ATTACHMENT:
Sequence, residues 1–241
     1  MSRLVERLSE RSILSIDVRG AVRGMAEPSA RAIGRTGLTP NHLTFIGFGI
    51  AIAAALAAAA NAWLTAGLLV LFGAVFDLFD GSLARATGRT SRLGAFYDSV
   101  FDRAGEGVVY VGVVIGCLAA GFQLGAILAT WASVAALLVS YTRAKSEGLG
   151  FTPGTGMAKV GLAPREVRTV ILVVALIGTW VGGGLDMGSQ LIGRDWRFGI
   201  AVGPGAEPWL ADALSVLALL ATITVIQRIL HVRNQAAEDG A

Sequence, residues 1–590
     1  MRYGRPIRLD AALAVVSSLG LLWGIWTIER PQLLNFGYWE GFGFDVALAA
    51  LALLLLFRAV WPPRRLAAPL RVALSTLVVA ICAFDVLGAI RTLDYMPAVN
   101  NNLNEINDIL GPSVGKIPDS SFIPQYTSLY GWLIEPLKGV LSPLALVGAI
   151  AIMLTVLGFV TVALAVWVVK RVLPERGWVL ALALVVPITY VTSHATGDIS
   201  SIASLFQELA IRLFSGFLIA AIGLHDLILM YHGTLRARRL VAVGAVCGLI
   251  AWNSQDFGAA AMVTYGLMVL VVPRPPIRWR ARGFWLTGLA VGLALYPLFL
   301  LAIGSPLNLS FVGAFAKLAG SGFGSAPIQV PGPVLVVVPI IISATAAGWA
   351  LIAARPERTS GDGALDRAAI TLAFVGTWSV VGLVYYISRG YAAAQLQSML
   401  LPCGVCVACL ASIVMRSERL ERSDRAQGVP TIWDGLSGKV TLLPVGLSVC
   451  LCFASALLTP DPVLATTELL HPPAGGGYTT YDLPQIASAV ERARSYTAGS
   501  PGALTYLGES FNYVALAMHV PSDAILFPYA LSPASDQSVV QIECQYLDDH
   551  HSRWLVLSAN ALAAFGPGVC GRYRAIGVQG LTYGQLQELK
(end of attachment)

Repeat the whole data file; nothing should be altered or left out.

Sequence, residues 1–241
     1  MSRLVERLSE RSILSIDVRG AVRGMAEPSA RAIGRTGLTP NHLTFIGFGI
    51  AIAAALAAAA NAWLTAGLLV LFGAVFDLFD GSLARATGRT SRLGAFYDSV
   101  FDRAGEGVVY VGVVIGCLAA GFQLGAILAT WASVAALLVS YTRAKSEGLG
   151  FTPGTGMAKV GLAPREVRTV ILVVALIGTW VGGGLDMGSQ LIGRDWRFGI
   201  AVGPGAEPWL ADALSVLALL ATITVIQRIL HVRNQAAEDG A

Sequence, residues 1–590
     1  MRYGRPIRLD AALAVVSSLG LLWGIWTIER PQLLNFGYWE GFGFDVALAA
    51  LALLLLFRAV WPPRRLAAPL RVALSTLVVA ICAFDVLGAI RTLDYMPAVN
   101  NNLNEINDIL GPSVGKIPDS SFIPQYTSLY GWLIEPLKGV LSPLALVGAI
   151  AIMLTVLGFV TVALAVWVVK RVLPERGWVL ALALVVPITY VTSHATGDIS
   201  SIASLFQELA IRLFSGFLIA AIGLHDLILM YHGTLRARRL VAVGAVCGLI
   251  AWNSQDFGAA AMVTYGLMVL VVPRPPIRWR ARGFWLTGLA VGLALYPLFL
   301  LAIGSPLNLS FVGAFAKLAG SGFGSAPIQV PGPVLVVVPI IISATAAGWA
   351  LIAARPERTS GDGALDRAAI TLAFVGTWSV VGLVYYISRG YAAAQLQSML
   401  LPCGVCVACL ASIVMRSERL ERSDRAQGVP TIWDGLSGKV TLLPVGLSVC
   451  LCFASALLTP DPVLATTELL HPPAGGGYTT YDLPQIASAV ERARSYTAGS
   501  PGALTYLGES FNYVALAMHV PSDAILFPYA LSPASDQSVV QIECQYLDDH
   551  HSRWLVLSAN ALAAFGPGVC GRYRAIGVQG LTYGQLQELK